A lecturer in air-transport management at the Singapore Institute of Technology, Volodymyr Bilotkach, reckons that a recovery is still two or three years off, but suggested that the big low-cost airlines will probably survive, along with the flag carriers. However, he said, some carriers will be partially owned by governments, or at least they will owe them money and so will probably cut the most marginal routes and raise prices. Budget carrier EasyJet is among those planning to keep middle seats empty, at least initially, to reassure customers about social distancing. At Korean Air Lines Co., the cabin crew now have goggles, masks, gloves and protective gowns.

NACS PEI is still scheduled to take place in Las Vegas, U.S. from October 11 - 14 2020.

Exhibitions and conferences may have to introduce format changes

Generally speaking, the losses to organisers and venues across the globe, due to coronavirus will be vast and the disruption to exhibitors plans extensive. In a recent Financial Times article entitled, ‘How COVID-19 will reshape the trade fair industry’, Hugh Jones, Chief Executive of Reed Exhibitions, a company which in the good times operates over 500 events a year, won’t be drawn on what sort of industry consolidation will follow the crisis, saying only that his “heart goes out” to the smaller organisers and support companies from all sides of the sector. He said that even a company as large as Reed Exhibitions wasn’t fully insured against the Covid-19 disaster.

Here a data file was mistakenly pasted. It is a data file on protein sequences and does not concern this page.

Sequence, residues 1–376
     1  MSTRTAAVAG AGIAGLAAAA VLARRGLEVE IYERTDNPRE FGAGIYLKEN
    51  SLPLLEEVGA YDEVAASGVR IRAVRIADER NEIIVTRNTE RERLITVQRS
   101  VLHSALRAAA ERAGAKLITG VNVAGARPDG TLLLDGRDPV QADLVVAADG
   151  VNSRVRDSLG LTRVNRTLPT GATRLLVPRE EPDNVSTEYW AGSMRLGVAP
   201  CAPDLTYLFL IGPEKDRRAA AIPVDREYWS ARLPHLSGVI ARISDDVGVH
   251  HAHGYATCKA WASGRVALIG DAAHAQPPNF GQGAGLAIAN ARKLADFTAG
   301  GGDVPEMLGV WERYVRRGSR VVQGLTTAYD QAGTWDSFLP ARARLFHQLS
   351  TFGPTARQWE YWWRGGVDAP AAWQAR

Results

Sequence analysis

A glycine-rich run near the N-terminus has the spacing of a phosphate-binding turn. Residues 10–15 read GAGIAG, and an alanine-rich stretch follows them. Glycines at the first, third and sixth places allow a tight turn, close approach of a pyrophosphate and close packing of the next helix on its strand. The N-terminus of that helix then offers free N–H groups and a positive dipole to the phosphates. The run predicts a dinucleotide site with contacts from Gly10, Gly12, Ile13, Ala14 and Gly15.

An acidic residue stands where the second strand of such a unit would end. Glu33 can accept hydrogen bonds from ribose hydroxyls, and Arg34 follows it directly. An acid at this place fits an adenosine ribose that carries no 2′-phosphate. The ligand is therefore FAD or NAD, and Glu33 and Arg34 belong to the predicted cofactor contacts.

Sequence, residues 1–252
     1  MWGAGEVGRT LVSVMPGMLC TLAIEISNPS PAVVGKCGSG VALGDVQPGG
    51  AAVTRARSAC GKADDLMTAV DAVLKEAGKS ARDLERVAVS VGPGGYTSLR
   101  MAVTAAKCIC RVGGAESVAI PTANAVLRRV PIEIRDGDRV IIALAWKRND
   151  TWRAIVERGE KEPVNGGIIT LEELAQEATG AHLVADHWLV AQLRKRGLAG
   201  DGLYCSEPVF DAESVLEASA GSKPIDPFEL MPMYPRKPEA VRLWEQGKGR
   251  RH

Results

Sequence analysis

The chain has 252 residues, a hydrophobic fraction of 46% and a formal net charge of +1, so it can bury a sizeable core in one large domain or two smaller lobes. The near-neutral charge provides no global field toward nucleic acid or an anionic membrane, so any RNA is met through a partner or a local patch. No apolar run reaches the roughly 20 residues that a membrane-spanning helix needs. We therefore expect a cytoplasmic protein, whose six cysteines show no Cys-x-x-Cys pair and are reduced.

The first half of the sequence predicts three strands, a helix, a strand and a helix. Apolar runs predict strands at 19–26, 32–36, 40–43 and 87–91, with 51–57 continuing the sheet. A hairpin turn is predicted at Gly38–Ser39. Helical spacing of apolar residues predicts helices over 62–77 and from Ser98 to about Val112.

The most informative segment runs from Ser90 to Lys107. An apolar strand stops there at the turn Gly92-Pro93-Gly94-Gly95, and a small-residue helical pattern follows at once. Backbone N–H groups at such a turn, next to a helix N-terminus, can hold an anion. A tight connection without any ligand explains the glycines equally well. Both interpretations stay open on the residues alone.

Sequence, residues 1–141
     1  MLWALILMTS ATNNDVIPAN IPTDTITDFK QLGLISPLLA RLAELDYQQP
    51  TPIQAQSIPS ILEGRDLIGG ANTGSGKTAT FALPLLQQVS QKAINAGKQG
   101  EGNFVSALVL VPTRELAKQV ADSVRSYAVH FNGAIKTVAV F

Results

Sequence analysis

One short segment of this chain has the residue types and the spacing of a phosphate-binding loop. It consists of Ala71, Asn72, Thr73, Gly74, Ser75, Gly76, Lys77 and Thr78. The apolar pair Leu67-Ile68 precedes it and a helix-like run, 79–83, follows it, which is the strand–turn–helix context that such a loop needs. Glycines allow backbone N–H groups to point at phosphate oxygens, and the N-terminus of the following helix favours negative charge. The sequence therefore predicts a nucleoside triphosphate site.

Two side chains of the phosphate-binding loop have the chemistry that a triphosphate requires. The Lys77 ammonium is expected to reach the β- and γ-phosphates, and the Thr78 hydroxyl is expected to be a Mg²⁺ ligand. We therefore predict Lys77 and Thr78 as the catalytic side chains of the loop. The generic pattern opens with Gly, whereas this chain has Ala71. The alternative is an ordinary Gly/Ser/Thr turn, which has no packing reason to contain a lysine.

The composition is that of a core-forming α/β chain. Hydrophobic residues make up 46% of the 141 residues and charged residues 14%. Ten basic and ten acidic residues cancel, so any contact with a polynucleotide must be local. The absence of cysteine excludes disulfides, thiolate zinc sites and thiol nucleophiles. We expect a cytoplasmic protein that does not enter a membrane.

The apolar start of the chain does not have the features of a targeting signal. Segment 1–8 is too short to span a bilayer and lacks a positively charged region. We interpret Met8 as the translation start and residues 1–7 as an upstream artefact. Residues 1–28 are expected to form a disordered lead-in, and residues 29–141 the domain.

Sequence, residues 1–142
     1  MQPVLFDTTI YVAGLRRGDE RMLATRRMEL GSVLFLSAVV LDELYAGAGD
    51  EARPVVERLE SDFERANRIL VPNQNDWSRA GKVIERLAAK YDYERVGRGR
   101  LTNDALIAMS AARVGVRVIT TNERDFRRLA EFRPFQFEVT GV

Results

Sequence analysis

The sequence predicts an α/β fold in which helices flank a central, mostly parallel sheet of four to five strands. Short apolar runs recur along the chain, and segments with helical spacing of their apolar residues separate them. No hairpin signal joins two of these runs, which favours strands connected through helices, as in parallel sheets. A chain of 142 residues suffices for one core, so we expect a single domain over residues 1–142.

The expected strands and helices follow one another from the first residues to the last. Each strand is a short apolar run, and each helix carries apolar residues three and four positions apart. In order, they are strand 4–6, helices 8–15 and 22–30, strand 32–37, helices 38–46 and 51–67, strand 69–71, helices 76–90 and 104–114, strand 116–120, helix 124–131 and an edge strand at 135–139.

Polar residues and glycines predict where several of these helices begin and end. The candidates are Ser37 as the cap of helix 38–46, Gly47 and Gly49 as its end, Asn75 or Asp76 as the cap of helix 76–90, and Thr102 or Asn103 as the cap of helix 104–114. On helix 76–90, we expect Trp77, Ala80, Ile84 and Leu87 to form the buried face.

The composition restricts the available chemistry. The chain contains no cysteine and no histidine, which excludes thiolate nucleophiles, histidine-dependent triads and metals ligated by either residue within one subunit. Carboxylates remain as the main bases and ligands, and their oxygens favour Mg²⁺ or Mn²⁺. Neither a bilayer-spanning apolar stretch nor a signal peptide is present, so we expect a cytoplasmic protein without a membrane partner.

However, Jones believes that striking up business relationships will always require face-to-face contact, but it doesn’t mean this crisis will not reshape the industry, he says and accepts that formats may have to change allowing for greater distance between stands and attendees. It may even be that an exhibition, which once occupied one hall, will now require two halls in the future. Hugh points out that this will not be an issue just for exhibitions. If social distancing becomes our new way of life, then theatres, restaurants, airports and aircraft will have to be reconfigured too.

In the international retail fuel sector specifically, events and trade fairs regularly occur throughout the year and are dotted all over the world, but with the spring and summer calendars being firmly put on hold for now, many people are starting to realise that autumn programmes might have to go the same way. As an exhibitor or conference delegate, if you are not currently signed up for a forthcoming event, you might breathe a sigh of relief and afford yourself the luxury of waiting to see what happens next, particularly over the coming months and definitely before deciding when and what your response might be to this immense challenge, which let’s face it, a few months ago would have been considered unthinkable.

If however, like many companies, you are signed up for 2020 or even 2021 conferences or conventions, a roller coaster ride may await you, once the key social distancing laws have been relaxed of course, which currently do not allow for major international events to take place anywhere in the world.